National and state parks offer a fresh-air backdrop for families and groups looking for inspiring nature and the built-in safety of social distancing outdoors. Many parks offer private, rustic cabins that not only help to accommodate budget-conscious vacationers, but also offer isolation and social distancing to continue to keep families safe.

With a prime location next to Grand Teton National Forest, Yellowstone National Park, and Bridger Teton National Forest, Togwotee Mountain Lodge has 54 rustic cabins with kitchenettes. In Washington’s Olympic National Park and Forest, Sol Duc Hot Springs Resort has 32 cabins, access to natural hot springs, and plenty of room for safe social distancing. In Shenandoah National Park, Skyland, Big Meadows Lodge, and Lewis Mountain Cabins all offer individual cabin accommodations.

And happily for those who prefer comfort over roughing it, rustic is not the only option. Just outside Yosemite National Park, for example, Rush Creek Lodge’s accommodations include standalone cabins and villas with hundreds of acres of open space to let everyone spread out. Even better, the lodge’s Rush Creek Spa is offering takeovers of its Yosemite-inspired experiential spa. Couples or groups can reserve the spa—with features like a granite waterfall hot tub, cool mist showers Himalayan salt sauna, and warm river rock immersion beds—for private use.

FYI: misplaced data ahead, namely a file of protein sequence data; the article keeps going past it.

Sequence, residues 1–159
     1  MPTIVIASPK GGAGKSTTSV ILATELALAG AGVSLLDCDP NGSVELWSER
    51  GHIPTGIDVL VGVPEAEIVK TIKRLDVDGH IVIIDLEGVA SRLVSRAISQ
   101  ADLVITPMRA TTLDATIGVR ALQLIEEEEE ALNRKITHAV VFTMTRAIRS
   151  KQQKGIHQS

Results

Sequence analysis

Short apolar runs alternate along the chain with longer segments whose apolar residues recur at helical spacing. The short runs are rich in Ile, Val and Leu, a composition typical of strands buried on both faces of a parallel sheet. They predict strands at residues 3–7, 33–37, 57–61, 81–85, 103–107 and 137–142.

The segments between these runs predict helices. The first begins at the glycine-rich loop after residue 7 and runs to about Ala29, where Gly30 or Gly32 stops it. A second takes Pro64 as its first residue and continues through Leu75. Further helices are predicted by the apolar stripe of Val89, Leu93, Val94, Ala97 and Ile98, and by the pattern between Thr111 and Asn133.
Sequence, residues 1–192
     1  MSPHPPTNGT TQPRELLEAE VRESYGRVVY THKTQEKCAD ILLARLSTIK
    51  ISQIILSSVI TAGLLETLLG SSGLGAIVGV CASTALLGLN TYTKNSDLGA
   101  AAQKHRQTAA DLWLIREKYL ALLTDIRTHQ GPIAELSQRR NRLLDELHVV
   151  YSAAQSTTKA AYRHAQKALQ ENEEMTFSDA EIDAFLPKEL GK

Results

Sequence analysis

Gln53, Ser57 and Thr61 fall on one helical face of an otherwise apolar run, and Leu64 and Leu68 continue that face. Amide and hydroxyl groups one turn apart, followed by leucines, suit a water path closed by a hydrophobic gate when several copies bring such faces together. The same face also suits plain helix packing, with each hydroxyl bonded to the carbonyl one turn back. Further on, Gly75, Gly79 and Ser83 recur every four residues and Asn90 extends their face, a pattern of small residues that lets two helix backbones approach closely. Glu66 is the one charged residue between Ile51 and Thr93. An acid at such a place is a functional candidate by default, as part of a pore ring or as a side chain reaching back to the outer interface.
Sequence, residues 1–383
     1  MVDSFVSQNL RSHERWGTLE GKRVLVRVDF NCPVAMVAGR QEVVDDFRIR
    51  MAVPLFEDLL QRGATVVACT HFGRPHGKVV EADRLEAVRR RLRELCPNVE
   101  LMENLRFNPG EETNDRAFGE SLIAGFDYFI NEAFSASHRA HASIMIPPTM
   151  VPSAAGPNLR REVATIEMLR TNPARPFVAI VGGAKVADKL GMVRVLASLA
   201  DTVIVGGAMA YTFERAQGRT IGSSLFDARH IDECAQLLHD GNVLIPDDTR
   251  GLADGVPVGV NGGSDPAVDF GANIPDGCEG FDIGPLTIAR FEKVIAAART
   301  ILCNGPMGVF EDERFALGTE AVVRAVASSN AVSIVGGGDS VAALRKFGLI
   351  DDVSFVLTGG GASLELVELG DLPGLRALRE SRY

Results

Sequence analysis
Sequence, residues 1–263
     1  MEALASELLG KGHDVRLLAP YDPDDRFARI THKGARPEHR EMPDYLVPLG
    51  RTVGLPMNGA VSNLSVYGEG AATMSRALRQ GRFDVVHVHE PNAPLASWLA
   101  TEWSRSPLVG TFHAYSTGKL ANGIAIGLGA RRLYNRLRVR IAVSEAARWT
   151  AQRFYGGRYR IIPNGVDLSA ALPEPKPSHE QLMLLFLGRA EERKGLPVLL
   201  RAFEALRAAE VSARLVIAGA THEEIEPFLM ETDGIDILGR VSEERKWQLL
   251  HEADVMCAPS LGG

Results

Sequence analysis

Camping and RV Travel

If affordability and flexibility are at the top of your bubble-trip wish list, camping or RV travel might be the perfect fit. Ashley Rossi, managing editor of Togo RV, notes that “traveling with your travel bubble to a campground is one of the easiest ways to follow social distancing and maximize your time outside—you can avoid indoor dining, bring everything you need with you, socialize comfortably outdoors, and get direct access to hiking trails and other outdoor activities.”

Camping doesn’t have to mean sleeping on the ground, either. “So many campgrounds now offer cabins and other glamping experiences,” Rossi adds, noting that if you’ve never tried RV travel, this might be the year  to give it a go. “Traveling by RV gives you your own space and bathroom, and it’s easier than ever to rent an RV with platforms like RVshare and Outdoorsy.”

–by Christine Sarkis, FamilyVacationist.com

This post originally appeared on FamilyVacationist.com.